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Get Immune Support From Exercise: Workout Tips To Avoid Coronavirus Complications

Monday, May 18, 2020 9:53 AM
 
Everyone knows that exercise has a protective effect on health and is key for a long life. New research shows it can reduce the risk of severe complications from COVID-19.
 
This is important because early surveys show that Americans have become more sedentary and less fit since the start of lockdowns in the U.S. Citizens in other developed countries affected by the coronavirus are certain to fair similarly, with a drop in daily step counts, less aerobic capacity, a decrease in muscle mass, and increase in body fat.
 
While it may be challenging to maintain fitness with gyms closed, there are plenty of ways to train so that you protect yourself from illness. This article will explain why exercise is so important for your immune system and give you work out tips for getting your sweat on.
 
How Does Exercise Support Immunity?
We’ve known for years that physical activity elevates your immune system by improving the body’s natural antioxidant system. Studies show that those who exercise tend to suffer fewer infections than sedentary individuals. A new review from the University of Virginia shows that regular exercise reduces the risk of acute respiratory distress syndrome, a major cause of death in patients with COVID-19.
 
Exercise has a preventative effect by raising levels of an endogenous antioxidant enzyme known as superoxide dismutase that is protective against the virus. This potent antioxidant hunts down harmful free radicals, protecting our tissues and helping to prevent disease. Our muscles naturally express superoxide dismutase (SOD), releasing it into the circulation to allow binding to other vital organs, but its production is enhanced by cardiovascular exercise.
 
SOD is protective against several chronic diseases as well, including acute lung disease, heart disease, high blood pressure, kidney failure, diabetic retinopathy, and osteoarthritis.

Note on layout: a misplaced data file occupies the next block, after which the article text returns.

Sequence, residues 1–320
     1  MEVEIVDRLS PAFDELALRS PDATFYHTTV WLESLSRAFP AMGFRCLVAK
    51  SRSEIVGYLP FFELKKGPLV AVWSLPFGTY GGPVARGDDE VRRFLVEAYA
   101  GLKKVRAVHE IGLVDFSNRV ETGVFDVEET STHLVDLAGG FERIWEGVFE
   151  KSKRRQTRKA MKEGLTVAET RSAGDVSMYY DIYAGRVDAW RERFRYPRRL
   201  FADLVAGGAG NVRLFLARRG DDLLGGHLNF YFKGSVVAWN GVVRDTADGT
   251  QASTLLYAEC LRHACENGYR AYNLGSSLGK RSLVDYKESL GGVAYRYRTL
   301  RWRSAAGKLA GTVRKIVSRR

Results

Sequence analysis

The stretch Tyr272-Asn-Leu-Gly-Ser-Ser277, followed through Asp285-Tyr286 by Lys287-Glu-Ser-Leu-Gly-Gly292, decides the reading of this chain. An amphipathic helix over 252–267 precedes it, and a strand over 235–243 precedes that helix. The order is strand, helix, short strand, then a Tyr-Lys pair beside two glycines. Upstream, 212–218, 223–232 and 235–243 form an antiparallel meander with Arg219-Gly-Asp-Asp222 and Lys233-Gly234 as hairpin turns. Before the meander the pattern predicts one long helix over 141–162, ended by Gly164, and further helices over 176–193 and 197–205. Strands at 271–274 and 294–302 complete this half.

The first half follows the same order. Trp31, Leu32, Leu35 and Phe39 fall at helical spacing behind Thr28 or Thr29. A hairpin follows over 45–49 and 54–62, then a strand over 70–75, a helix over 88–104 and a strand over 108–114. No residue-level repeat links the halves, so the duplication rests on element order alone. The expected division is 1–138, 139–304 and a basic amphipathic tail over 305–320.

What Type of Exercise for Immune Support?
Both aerobic and strength training are certain to support the immune system. But due to a greater body of research, scientists tend to recommend moderate endurance exercise for immune benefits. For example, a series of studies in mice show that moderate endurance training protects mice from death by influenza. In humans, 10 months of regular endurance exercise improves flu vaccination responses in older adults who are immune compromised. Exercise also extended the protective effect of a flu vaccine, raising levels of antibodies that fight off disease throughout the flu season.
 
There is a lack of studies on the impact of strength training, but researchers theorize that this type of exercise can also improve immune response and it certainly reduces risk of underlying diseases that put you at risk of serious complications from the coronavirus like insulin resistance and obesity. Additionally, muscle is protective against death, providing a reservoir for the body when things go wrong. Muscle mass is consistently linked with longevity, especially in people with cancer and other chronic diseases.
 
Workout Guidelines for Immune Support
What follows are workout guidelines to consider when designing training programs for immune support.
 
Do Smart Cardio
Experts recommend that 30 minutes of moderate intensity training daily will raise SOD and promote general fitness. Brisk walking or biking are great options. Hiking in nature is especially effective, but if all you’ve got is pavement, the key is to enjoy your walk. 
 
Longer more intense workouts may also be beneficial as long as you are able to recover effectively. There is some evidence that very long duration training (2.5 hours or more) can negate the protective effect, though current evidence shows it is unlikely to make you more at risk of infection than a sedentary lifestyle.